Taking over the streets of Shoreditch for a two-day residency, Converse has transformed a mundane building into an interactive creative playground.
Together, thousands of tourists and purists celebrated the groundbreaking, provocative legacy of Converse’s One Star trainer. But how can something which has a primary function of protecting your feet while walking provide such a vibrant hub for untapped creativity, you ask? Well, listen up.
Converse has always been present in the lives of passionately obsessive individuals, whose creative spark has shaped new forms of expression and birthed movements such as skateboarding, graffiti, raving, hip-hop and streetwear. The exploration and growth of these weird and beautiful facets of human expression over the past four decades allowed for these countercultures to align and transform into something that we now simplistically nominate as culture in a more general sense.
“Before us, there was rock n roll, classical art, [the] music industry, it was very closed off world,” says Acyde, East London native and co-founder of collective No Vacancy Inn, speaking in one of the three unfiltered panel talks. “You had to be ‘A’ type of person. What you see now, is a whole bunch of generations that are just allowed to mix and match.”
“They just need to show up. Be involved, do something. Even those who feel excluded should do something to include themselves. No one asks for permission. Rappers don’t ask for permission, they just do records. No real designer asked for permission. They just designed, and with time they managed to put some clothes to the world. Culture is made by people just making it. Just do it and keep doing Eventually, you will become a part of whatever culture you want to be a part of. To me, this is the future of everything. Growing up knowing that you can know anything, that you can go anywhere, that freedom… That is what can drive change.”
Contrary to the usual pop-up or collaboration, one of the leading messages that passed through the whole weekend was the willingness to stand out in the crowd, and that there is space and opportunity for young creatives to be inserted within international brands. The living embodiment of such is the One Star Hotel receptionist, Warwickshire’s very own Leo Mandela – more commonly known for his Instagram handle @Gullyguyleo, the streetwear enthusiast and social influencer discovered fame via Instagram. Staring off by posting pics with bootleg Louis propelled him at age 15, to collaborate with the brand.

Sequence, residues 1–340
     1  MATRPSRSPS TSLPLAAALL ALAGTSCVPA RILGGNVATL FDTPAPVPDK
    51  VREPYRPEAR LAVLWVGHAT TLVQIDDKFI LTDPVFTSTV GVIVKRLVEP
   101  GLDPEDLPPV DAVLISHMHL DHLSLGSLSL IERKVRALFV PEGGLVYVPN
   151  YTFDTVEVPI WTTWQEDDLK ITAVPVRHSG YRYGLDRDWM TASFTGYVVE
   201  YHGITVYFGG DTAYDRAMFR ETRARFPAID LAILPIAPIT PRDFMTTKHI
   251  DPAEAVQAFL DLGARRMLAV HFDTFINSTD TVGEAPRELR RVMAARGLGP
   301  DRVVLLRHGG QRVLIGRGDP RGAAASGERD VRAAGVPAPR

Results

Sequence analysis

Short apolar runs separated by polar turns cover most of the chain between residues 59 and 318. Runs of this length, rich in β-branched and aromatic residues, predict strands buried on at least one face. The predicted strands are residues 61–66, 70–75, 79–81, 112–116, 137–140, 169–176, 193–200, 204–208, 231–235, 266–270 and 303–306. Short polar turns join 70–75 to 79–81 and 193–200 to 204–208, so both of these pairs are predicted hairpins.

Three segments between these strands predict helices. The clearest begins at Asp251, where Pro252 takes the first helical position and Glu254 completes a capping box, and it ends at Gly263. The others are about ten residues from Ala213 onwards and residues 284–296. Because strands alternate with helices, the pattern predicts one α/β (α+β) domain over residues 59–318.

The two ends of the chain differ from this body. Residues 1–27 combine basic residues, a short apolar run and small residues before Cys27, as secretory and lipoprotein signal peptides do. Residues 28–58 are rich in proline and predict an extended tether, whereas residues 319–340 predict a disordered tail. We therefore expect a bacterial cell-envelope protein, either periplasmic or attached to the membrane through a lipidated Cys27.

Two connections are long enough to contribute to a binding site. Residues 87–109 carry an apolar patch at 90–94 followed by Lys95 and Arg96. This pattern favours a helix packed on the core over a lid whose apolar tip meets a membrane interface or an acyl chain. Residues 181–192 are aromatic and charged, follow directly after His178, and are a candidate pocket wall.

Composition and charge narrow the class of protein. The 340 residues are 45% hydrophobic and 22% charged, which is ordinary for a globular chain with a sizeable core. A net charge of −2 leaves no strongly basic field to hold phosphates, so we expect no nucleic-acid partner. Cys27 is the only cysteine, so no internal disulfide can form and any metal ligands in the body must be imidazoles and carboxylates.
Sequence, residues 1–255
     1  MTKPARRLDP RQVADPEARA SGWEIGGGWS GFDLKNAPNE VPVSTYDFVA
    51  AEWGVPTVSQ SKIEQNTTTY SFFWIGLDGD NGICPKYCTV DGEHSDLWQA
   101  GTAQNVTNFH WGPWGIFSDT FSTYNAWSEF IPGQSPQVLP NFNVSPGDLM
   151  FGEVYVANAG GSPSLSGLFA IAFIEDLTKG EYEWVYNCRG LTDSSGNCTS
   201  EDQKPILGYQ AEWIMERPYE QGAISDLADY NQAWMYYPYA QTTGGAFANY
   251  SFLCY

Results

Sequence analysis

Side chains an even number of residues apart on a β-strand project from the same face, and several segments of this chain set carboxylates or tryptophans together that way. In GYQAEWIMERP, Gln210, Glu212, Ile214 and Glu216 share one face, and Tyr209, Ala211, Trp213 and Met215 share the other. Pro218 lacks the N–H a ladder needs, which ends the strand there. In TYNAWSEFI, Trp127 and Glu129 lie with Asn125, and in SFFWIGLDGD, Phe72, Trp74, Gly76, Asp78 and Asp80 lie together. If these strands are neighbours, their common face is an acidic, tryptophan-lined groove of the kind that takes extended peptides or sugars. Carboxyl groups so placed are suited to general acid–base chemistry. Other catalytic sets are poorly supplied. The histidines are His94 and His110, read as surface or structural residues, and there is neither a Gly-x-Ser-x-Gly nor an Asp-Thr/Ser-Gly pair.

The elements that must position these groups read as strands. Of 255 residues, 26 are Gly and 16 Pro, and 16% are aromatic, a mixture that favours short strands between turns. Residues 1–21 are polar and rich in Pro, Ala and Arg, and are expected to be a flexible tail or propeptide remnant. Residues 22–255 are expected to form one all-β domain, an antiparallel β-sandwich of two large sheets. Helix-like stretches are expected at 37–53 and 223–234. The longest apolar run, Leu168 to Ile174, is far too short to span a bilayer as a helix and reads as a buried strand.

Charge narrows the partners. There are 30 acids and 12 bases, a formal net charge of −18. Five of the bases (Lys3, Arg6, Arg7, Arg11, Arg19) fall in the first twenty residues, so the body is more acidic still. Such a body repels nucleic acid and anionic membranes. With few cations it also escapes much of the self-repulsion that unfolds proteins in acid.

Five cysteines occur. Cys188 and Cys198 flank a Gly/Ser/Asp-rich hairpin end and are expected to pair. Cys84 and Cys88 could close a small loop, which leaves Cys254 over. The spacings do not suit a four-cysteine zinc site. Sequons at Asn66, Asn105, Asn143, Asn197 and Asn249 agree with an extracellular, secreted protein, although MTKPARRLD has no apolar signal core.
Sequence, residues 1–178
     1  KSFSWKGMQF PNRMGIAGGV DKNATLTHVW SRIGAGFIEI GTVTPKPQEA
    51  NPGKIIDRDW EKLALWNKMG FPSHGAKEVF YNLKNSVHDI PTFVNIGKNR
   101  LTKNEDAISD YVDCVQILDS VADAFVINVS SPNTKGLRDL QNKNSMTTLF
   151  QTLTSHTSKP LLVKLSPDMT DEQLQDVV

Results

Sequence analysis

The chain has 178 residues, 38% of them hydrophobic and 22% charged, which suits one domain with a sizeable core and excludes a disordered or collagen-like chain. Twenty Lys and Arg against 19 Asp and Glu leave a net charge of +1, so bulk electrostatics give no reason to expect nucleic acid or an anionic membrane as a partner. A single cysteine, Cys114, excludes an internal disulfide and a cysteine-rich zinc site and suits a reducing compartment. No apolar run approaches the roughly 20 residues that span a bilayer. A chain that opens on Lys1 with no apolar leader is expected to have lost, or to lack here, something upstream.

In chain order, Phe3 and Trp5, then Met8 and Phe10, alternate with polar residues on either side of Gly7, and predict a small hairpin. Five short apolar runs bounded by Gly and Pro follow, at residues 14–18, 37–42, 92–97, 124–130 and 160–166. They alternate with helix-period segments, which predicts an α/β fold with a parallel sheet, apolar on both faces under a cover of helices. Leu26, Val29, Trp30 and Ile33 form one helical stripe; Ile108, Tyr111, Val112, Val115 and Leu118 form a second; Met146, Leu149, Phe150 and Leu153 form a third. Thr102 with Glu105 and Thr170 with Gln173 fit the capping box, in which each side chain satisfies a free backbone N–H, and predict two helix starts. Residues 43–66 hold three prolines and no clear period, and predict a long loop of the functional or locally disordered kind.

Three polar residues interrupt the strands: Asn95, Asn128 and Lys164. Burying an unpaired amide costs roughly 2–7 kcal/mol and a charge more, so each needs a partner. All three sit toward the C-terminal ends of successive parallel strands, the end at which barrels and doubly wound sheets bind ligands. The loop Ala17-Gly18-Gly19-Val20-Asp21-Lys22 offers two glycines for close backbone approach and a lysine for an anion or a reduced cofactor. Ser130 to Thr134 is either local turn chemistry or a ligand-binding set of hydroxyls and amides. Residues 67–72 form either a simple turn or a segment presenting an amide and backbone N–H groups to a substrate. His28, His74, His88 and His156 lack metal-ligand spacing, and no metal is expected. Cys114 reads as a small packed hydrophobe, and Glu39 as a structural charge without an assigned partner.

Meanwhile, during the same panel talk, A$ap Nast would provide insight to the creative concept behind his room ‘Somewhere in Mid-Century’. “I’m not trying to do something with intent for people to catch on, I was just being myself and trying to show people that you can be yourself,” he said. “Whatever it is you’re doing, be comfortable with it. That’s the message that I would like to convey to the people in this room. It doesn’t matter whatever it is you’re doing, just be yourself.”
The individually curated guest rooms, spanning over four floors, allowed the visitors to explore Conserve’s most coveted collaborations with Stockholm’s Saddest Boy aka Yung Lean, New York’s Riot Grrrrl MadeMe, Tyler the Creator, and the aforementioned A$ap Nast. Daytime programming included exclusive broadcast shows from East London’s Radar Radio, t-shirt screen printing with Paria Farzaneh, and the first solo presentation by London based designer Mimi Wade as part of London Fashion Week. At night, the laundry room became an explosive nightlife experience featuring some of hottest DJs and musical talent, including New York’s Princess Nokia, Northampton’s Slowthai, HYUKOH, Siobhan Bell, and Bossy LDN.
Culture never stands still. Culture depends on people, and it is the joint effort of thousands of people who dedicate themselves to it that make culture exist. After all, how else would escape from our slow-lingering death by PowerPoint presentations? I rate it one star.
Words by Catarina Ramalho